Articles Tagged "science & scholarship domain"

The quality of the therapeutic alliance is a robust predictor of psychotherapy outcomes (Horvath, Del Re, Flückinger, & Symonds, 2011). Recent studies have shown that some therapists are consistently better at developing and maintaining alliances with their patients than others (Baldwin, Wampold, & Imel, 2007; Dinger, Strack, Leichsenring, Wilmers, & Schauenburg, 2008; Zuroff, Kelly, Leybman, […]

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Over the past decade, the practice of mindfulness has received a significant amount of attention in the psychotherapy research literature. The existing research on mindfulness has demonstrated that it can produce positive health and mental health benefits for psychotherapy clients (Davis & Hayes, 2011). A smaller body of research has also demonstrated that the practice […]

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Decades of psychotherapy outcome research and countless meta-analyses show that psychotherapy works. Unfortunately, psychotherapy is a luxury afforded to few. Only a minority of people with mental illness receive treatment (Kessler et al., 2005), due to both attitudinal barriers (e.g., stigma, desire for self-reliance) and structural barriers (e.g., cost, provider availability; Mojtabai et al., 2011). […]

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Throughout 2017, the Psychotherapy Research Committee and the Scholarship Domain have been providing Psychotherapy Bulletin articles with recommendations for sharing our research with others. In the first Bulletin issue of the year, we included suggestions for sharing our research with policy makers. In the second issue, we focused on sharing our research with psychotherapy clients. […]

The past 100 years of psychotherapy research has sought not only to examine the efficacy and effectiveness of psychotherapy, but also to identify the causal mechanisms and processes underlying therapeutic change (Lambert, 2013; Wampold & Imel, 2015). The existing research on psychotherapy processes has provided us with a rich understanding of several variables that are […]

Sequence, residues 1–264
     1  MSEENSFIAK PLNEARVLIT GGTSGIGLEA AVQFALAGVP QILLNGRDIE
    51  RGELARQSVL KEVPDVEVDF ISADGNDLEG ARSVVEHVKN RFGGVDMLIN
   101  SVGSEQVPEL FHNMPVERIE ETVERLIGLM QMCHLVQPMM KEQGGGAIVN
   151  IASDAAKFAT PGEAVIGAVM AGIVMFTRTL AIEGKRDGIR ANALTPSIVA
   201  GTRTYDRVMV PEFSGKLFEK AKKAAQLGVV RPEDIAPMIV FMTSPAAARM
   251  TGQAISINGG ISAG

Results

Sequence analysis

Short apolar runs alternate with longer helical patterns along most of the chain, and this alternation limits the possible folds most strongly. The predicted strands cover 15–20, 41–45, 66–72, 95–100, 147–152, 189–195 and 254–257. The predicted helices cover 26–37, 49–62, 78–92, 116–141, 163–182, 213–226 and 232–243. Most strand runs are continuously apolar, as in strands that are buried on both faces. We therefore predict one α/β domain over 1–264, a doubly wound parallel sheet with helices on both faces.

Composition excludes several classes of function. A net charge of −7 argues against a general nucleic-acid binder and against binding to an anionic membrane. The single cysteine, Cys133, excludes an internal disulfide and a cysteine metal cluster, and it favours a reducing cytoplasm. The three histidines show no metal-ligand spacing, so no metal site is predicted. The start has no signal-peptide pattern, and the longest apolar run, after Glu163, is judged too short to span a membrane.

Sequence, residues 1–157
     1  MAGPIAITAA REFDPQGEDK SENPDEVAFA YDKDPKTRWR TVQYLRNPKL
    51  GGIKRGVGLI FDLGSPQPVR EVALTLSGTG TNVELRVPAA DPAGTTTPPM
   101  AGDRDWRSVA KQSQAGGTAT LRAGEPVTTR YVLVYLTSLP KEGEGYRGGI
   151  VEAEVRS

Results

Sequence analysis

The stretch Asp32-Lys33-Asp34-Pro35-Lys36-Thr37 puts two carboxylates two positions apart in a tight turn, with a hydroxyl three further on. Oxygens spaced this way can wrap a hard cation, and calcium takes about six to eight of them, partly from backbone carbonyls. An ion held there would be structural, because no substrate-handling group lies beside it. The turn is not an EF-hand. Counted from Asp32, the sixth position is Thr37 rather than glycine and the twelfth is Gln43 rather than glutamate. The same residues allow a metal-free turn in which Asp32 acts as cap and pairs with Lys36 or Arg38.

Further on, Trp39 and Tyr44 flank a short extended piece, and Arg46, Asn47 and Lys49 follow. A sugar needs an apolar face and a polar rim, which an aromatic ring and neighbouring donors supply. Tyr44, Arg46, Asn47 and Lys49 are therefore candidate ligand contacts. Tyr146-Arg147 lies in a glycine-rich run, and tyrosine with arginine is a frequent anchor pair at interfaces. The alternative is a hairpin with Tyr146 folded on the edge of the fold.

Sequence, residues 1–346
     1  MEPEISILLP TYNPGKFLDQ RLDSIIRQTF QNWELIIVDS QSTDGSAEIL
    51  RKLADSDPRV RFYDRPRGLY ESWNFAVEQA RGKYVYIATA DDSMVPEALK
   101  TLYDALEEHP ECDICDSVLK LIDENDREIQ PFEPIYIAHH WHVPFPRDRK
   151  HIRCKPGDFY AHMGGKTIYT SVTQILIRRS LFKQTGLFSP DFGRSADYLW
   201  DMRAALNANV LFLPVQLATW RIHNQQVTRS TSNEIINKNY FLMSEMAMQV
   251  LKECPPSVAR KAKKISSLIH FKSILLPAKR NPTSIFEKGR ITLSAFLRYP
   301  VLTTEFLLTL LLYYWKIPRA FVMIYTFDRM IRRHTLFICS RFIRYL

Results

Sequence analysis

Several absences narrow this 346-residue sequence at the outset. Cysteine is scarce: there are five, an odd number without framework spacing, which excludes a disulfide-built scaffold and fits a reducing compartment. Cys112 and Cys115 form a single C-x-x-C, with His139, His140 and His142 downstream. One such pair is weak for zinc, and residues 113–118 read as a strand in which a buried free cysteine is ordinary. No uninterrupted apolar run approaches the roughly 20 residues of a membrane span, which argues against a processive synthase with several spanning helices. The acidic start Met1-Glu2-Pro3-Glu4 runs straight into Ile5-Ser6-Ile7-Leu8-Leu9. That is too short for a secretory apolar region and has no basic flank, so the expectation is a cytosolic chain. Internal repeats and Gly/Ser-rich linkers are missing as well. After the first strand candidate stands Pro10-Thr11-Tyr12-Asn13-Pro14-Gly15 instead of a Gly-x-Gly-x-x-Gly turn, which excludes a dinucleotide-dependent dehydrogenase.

Communication With the General Public If you were to meet me at a party, you might be forgiven for thinking that I am being purposefully rather vague about what I do for a living. When people ask me, I tend to answer with something like: “. . . I am a psychotherapist.” After the usual […]

Premature termination is a pervasive problem in psychotherapy (Garfield, 1994) and campus mental health services are especially vulnerable to increased rates of this problem. Although client expectations have consistently been associated with premature termination (e.g., Callahan et al., 2009; Dew & Bickman, 2005; Reis & Brown, 2006), the role of therapist expectations is still not […]

Science advocacy is a topic that typically does not garner much attention—or excitement—for us as psychologists. Additionally, as psychologists we usually have many other things at the top of our to-do lists, including research, clinical work, supervision, teaching, or writing. Science advocacy rarely figures on that list. At the same time, if national decision makers […]

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In 2012, the American Psychological Association (APA) endorsed as policy, The Education and Training Guidelines: A Taxonomy for Education and Training in Professional Psychology Health Service Specialties, hereafter referred to as “the Taxonomy.” This Taxonomy was developed in response to confusing inconsistencies across education and training in professional psychology training programs that would describe offerings […]

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A Horse Race … Psychological treatments that are intended to be fully therapeutic and that are provided by trained professionals (bona fide psychotherapy; Wampold & Imel, 2015; Wampold et al., 2011) have been found to be effective compared to no-treatment and treatment-as-usual for individuals who suffer from a number of disorders, including anxiety and depression […]